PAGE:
How To Store Bitcoin?
Bitcoins are stored on the Bitcoin blockchain network. A special program – a “wallet” – is needed to access and use one’s coins. The wallet safeguards the secret code you need to use your bitcoins and helps manage transactions...
If you want to know how to store bitcoin, here is the main thing you need to know - bitcoins are stored on the Bitcoin blockchain network. A special program – so-called “wallet” – is required in order to access and use one’s coins.
If you want to learn not only how to store your bitcoin, but how to store it as securely as possible, the following information will help you to understand how to store bitcoin properly.
What is a Bitcoin wallet?
The wallet safeguards the secret code you need to use your bitcoins and helps manage transactions, something like an internet banking account. The code, which serves as a password, is called a “private key” and is vital to the security of your money. Anyone who gets your private key can steal your bitcoins. And if you lose your key, your bitcoins are gone, too. So it’s essential to protect private keys against accidental loss and back them up.
There’s also another code called a “public key” – that’s the address where others can send you bitcoins.
Different ways to store bitcoin. Source: BTC Keychain / Flickr.
Bitcoin wallet types
All bitcoin wallets are classified into two categories - hot and cold wallets.
Online (“hot”) wallets, where the private key is stored online or on devices connected to the internet – e.g., on exchanges or other websites, computers, tablets, or smartphones.
Offline (“cold”) wallets, where the private key is stored on paper or offline hardware like a password-protected USB, or simply in one’s brain (when you memorize a special phrase to access your funds).
Online, or “hot,” wallets are less secure due to the threat of hacking. Website wallets are especially vulnerable as you must reveal your private key to a third party. But hot wallets are more convenient for daily use.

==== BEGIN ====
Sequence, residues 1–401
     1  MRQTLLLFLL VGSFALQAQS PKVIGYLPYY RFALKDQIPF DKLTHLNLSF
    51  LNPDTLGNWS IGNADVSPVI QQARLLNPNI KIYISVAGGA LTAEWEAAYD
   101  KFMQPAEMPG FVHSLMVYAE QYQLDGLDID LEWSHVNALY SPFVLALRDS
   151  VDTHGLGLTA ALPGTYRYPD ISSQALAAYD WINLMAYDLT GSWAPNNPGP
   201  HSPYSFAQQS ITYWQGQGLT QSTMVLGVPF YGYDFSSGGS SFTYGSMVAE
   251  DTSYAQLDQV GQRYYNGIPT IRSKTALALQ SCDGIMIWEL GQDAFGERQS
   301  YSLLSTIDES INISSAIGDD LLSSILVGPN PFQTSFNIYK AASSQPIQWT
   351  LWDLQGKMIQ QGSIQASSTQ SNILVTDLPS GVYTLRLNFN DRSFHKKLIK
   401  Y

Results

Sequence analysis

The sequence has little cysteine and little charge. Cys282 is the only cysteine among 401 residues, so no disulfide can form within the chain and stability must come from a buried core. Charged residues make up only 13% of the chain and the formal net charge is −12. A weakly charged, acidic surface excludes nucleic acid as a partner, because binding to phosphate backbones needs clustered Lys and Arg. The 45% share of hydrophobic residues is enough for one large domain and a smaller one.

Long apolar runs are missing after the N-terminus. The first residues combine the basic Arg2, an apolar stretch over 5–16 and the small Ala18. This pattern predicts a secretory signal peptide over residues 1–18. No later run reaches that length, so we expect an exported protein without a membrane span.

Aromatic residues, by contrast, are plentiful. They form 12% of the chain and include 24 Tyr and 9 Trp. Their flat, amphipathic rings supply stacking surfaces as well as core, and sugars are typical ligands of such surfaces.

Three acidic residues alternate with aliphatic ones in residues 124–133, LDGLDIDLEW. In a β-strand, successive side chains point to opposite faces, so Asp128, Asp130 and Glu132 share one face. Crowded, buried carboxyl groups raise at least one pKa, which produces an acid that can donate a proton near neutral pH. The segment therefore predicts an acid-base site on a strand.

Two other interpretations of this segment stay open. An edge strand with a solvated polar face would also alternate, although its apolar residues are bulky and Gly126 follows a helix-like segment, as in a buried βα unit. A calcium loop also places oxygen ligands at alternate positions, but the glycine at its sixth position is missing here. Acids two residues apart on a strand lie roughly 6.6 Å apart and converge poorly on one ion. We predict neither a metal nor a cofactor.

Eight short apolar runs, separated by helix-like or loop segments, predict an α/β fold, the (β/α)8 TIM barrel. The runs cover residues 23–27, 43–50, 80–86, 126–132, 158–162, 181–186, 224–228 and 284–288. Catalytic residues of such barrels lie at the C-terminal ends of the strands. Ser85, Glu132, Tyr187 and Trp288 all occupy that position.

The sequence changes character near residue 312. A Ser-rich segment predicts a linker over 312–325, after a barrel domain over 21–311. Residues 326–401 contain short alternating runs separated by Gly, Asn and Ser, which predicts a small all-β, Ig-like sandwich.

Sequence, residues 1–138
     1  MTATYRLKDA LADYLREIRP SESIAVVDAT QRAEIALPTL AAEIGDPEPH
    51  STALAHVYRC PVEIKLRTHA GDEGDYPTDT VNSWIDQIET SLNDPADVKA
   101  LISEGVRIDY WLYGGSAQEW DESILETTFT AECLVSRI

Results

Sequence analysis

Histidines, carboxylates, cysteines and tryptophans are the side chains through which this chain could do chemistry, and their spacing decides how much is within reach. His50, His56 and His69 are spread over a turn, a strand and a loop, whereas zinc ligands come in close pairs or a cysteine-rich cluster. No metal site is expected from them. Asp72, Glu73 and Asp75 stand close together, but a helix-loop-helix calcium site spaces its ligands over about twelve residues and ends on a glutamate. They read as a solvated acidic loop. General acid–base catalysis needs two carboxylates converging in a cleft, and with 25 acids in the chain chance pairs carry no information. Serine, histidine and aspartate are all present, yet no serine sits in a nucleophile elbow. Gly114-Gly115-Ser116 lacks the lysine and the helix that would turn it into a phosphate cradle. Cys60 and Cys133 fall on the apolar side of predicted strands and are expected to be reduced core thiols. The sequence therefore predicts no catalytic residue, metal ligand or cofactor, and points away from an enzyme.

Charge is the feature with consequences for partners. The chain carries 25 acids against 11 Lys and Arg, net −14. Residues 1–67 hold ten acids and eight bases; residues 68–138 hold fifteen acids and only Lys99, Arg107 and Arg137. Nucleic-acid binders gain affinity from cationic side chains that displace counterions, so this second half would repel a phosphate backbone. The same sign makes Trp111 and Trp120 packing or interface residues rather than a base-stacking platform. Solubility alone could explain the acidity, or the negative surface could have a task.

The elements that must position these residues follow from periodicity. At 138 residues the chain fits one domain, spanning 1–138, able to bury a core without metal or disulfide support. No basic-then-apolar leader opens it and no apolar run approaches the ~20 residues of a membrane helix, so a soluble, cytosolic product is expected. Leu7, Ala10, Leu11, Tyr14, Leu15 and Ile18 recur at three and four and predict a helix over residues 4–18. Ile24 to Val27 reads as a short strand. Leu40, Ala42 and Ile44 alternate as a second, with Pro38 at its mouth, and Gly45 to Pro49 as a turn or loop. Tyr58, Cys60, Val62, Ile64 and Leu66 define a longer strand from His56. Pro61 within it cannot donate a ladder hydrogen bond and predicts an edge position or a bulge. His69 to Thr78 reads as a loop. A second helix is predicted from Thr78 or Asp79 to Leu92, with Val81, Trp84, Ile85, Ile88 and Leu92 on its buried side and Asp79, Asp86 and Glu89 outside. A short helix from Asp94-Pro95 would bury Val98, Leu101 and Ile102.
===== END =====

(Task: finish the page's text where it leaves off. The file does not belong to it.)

It’s thus recommended to use both types of wallets – hot wallets to hold small amounts of bitcoin for daily transactions, and cold, or offline, wallets for storing more substantial sums. In any case, you can have as many wallet addresses as you like.
Hot versus cold Bitcoin wallet. Source: cryptohype.tech
Furthermore, both hot and cold Bitcoin wallets are classified into hardware, desktop, mobile, web, and paper wallets.
Paper wallets. The term generally refers to a physical copy or paper print of your public and private keys. Here’s how you can generate one.
Desktop wallets. Desktop wallets are software installed on computers or laptops. Their security depends on the security of your computer.
Mobile wallets. Mobile wallets, like desktop ones, are software wallets, but usually, they are substantially smaller and simpler.
Web wallets. Web wallets include browser plugins, website wallets, exchange wallets, and other sorts of “hot” wallets.
To learn more about their pros and cons, and how to choose the right bitcoin wallet for you, see your guide on how to choose a Bitcoin wallet.
How To Store Bitcoin?
Storing bitcoin is easy, but doing so securely often requires careful planning and time.
You have to find the best combination of storage for you. If you’re going to use bitcoin daily, it’s likely that you want to use a convenient mobile or web wallet. If you just bought a lot of bitcoin for long-term storage, then cold storage is the right way to store them.
Bitcoin hardware wallet by Trezor. Source: Stickac \[CC BY-SA 4.0 (creativecommons.org)\]
Speaking of storing bitcoins, all it takes is a transfer to your private wallet address, and they are stored after your transaction is confirmed.
What takes the most time and effort is making sure that no one has access to it, so make sure to step up your security game before getting large sums in cryptocurrency. Please read our guide on “how to store cryptocurrency safely” to learn more about it.
If you want to learn more about bitcoin security in general, please see our “Bitcoin security tips for beginners” guide.
Now that you’re familiar with all the different types of wallets and bitcoin storage options, it is up to you to choose the right method and do everything in your power to protect your private keys.
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